Editor’s Note: Judith Resnik is the Arthur Liman Professor of Law at Yale Law School and, as an Andrew Carnegie Fellow, is writing a book, “Impermissible Punishments.” The views expressed here are hers. Read more opinion on CNN.
Felicity Huffman’s sentence of 14 days of prison time for participating in a college-admissions cheating scheme made international news. But the headlines about women prisoners we most need are about the degrading treatment of the nearly 110,000 women already in state and federal prisons, many of whose pleas for protection are being ignored.
A vivid example comes from a decision in July by a federal appellate court in Chicago. Asked to recognize that the Constitution protects women forced by prison officials to disrobe and reveal their inner parts to strangers as part of a “visual cavity search,” that court said no.
The case involved 200 women prisoners, rounded up by Illinois female prison staff who wore helmets and vests, banged batons on cells and yelled obscenities. These cadets marched the women into a large day room, sent groups of ten to a side area, and told them to strip.
According to the prisoners’ lawsuit, they had to “raise their breasts, lift their hair, turn around, bend over, spread their buttocks and vaginas, and cough.” Menstruating women were told to throw tampons away and were left bleeding. Male staff could see some of what transpired.
What we know now is that it was all just practice, a training exercise. No emergency existed that could have been used as an argument to defend such degradation.
Not only did this “training exercise” teach the wrong lesson to new staff, it was also terrorizing. Many women in prison endure physical, sexual and emotional abuse before they get there. This unnecessary humiliation turned them into victims once again.
And, as of now, the prison does not have to defend its terrible decision. The 2-1 decision by the federal court made a sweeping pronouncement: no prisoner has any rights to personal privacy – including if ordered to “touch her own body” in front of others.
Instead, to get any relief, the prisoners would have to argue that the strip searches were cruel and unusual punishment, a violation of the Eighth Amendment to the Constitution. To do so is herculean; they would have to prove that prison staff intended to inflict cruelty.
This initial appellate court decision is as legally stunning as it is disturbing. To focus only on the constitutional ban on cruel and unusual punishment is to miss that the Constitution also specifically protects personal privacy.
The Fourth Amendment promises us all insulation from “unreasonable searches and seizures.” The point is to stop the government from intruding into our private lives, bodies included. Many state laws do the same, including in Illinois, which instructs that aside from emergencies, prison staff should not do strip searches where other people can see.
Ripping up the Fourth Amendment’s personal privacy protections also makes no sense from prison officials’ point of view. Nine former directors of prison systems have joined the women prisoners in asking for a rehearing of their rejected lawsuit. The state of Illinois’s response to the request is due next week, and then the whole court will have to decide whether to open the courthouse doors or keep them closed.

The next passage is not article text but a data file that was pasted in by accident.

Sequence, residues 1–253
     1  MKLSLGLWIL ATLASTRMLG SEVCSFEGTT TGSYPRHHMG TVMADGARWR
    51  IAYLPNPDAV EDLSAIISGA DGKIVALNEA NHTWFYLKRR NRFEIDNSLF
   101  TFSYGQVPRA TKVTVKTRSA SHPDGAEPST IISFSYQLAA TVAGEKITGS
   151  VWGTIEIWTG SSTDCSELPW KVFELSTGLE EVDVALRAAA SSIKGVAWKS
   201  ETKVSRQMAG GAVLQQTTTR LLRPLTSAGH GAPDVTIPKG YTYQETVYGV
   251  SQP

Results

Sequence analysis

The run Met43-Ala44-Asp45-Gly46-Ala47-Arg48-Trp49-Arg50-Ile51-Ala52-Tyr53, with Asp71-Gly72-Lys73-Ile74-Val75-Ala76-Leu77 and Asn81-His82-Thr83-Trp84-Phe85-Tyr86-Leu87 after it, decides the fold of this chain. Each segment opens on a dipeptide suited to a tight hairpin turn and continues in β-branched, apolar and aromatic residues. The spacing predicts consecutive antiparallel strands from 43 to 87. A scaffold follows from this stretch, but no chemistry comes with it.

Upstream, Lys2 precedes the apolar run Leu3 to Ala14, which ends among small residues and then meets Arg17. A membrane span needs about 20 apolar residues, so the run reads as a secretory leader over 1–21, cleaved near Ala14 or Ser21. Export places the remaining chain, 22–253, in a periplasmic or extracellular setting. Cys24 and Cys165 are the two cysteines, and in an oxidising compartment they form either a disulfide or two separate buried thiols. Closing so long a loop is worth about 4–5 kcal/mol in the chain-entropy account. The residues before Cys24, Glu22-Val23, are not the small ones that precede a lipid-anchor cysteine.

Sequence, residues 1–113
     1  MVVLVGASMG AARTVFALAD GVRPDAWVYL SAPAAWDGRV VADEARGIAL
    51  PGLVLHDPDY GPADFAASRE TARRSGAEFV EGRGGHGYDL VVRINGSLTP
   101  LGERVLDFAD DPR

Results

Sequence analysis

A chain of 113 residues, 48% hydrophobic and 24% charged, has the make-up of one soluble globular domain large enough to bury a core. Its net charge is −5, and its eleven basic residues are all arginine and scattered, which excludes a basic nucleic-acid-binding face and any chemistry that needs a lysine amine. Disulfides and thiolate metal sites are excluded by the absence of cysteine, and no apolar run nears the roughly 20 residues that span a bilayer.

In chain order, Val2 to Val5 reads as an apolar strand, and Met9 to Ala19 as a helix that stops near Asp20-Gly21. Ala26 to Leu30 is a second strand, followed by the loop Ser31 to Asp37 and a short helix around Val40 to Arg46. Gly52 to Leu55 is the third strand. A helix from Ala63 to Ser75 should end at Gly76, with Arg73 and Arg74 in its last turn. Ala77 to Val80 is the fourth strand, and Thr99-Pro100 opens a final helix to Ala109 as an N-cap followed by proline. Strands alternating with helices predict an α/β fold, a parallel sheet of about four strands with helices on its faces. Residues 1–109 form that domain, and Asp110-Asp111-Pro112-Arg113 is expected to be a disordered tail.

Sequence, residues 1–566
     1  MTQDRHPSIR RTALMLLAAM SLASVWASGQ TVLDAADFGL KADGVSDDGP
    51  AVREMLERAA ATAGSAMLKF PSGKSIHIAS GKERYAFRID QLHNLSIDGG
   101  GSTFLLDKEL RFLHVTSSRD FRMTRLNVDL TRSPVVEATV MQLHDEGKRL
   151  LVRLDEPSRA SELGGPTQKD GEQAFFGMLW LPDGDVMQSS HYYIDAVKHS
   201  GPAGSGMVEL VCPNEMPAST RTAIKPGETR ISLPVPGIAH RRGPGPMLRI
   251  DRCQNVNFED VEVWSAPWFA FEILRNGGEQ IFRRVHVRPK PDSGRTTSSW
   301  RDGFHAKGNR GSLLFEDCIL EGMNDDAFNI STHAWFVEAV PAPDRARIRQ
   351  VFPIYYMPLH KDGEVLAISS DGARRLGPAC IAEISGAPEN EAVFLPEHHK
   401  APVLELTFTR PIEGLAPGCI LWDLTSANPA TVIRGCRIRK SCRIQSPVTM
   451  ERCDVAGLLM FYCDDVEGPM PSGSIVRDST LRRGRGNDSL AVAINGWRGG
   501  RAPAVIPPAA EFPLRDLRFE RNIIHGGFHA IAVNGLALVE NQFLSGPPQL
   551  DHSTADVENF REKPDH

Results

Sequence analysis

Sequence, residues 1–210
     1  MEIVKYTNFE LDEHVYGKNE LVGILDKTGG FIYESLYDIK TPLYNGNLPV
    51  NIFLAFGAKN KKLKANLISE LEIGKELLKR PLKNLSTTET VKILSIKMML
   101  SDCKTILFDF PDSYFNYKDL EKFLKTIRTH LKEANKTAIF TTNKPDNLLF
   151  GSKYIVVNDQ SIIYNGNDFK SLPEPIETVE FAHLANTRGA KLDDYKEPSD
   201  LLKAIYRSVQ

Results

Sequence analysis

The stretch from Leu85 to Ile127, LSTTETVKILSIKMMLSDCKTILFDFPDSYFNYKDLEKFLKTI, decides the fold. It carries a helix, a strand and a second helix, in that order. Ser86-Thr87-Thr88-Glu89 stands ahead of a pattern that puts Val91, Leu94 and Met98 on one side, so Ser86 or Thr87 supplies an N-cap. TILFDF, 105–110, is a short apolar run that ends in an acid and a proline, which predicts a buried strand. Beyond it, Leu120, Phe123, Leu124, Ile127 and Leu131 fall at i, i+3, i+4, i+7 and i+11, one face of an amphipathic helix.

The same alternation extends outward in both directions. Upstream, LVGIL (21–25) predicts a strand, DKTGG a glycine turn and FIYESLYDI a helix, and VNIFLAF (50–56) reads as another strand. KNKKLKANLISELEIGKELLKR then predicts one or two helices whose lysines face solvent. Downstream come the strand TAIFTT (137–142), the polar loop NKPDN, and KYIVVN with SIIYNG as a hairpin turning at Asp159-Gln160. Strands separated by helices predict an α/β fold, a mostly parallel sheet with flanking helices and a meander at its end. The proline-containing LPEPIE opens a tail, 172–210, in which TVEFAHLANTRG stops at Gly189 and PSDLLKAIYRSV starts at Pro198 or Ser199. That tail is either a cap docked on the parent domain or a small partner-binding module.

As these experts told the judges, mass strip searches are contrary to “sound correctional practice” and serve no “legitimate purpose.” They explained that the American Correctional Association (the professional group accrediting prisons) has standards requiring that body cavity searches take place only when there is a reasonable belief that a person has contraband and then, in private.
More than 40 years ago, the US Supreme Court ruled that the Constitution does not “stop” at the prison’s gates. Since then, courts have protected prisoners’ rights to practice their religion, to be married, to have medical treatment and much else.
To be sure, the Supreme Court has also concluded that prisoners lose some Fourth Amendment protections: their personal property can be searched. However, the court has never licensed prison staff to do trainings by making prisoners stand naked and put their body parts on display before a random group of onlookers.
Across the country, the everyday mistreatment of women prisoners is coming into focus. In 2018, in its First Step Act, the US Congress mandated that the federal Bureau of Prisons give women free sanitary products and banned putting shackles on pregnant women. Yet this news is depressing as well as heartening. It took a new federal statute to get women the hygiene products that should have been provided all along, and to stop shackles that should never have been used.
Unnecessary invasions of women prisoners’ bodies have been documented across the country. In 2015, women held in western Massachusetts succeeded in getting a settlement against male prison guards who had videoed strip searches. Last summer, LA County Jail agreed to pay $53 million to hundreds of women who had endured strip searches there. Yet the county did not admit that what it had done was wrong.
As the Illinois case shows, that’s not enough. Courts need to put constitutional law to work on behalf of women prisoners.
The constitutional message cannot be: Prison officials can train their staff by making women (as the courts rejecting their claims described) “stand barefoot on a floor dirty with menstrual blood.”